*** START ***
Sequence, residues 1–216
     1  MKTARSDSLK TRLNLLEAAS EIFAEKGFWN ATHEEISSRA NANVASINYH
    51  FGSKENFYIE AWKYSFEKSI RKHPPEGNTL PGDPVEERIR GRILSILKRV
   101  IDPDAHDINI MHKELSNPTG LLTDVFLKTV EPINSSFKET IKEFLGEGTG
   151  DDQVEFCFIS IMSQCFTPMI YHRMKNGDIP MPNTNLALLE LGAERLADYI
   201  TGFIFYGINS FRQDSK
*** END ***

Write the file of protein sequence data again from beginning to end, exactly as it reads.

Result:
Sequence, residues 1–216
     1  MKTARSDSLK TRLNLLEAAS EIFAEKGFWN ATHEEISSRA NANVASINYH
    51  FGSKENFYIE AWKYSFEKSI RKHPPEGNTL PGDPVEERIR GRILSILKRV
   101  IDPDAHDINI MHKELSNPTG LLTDVFLKTV EPINSSFKET IKEFLGEGTG
   151  DDQVEFCFIS IMSQCFTPMI YHRMKNGDIP MPNTNLALLE LGAERLADYI
   201  TGFIFYGINS FRQDSK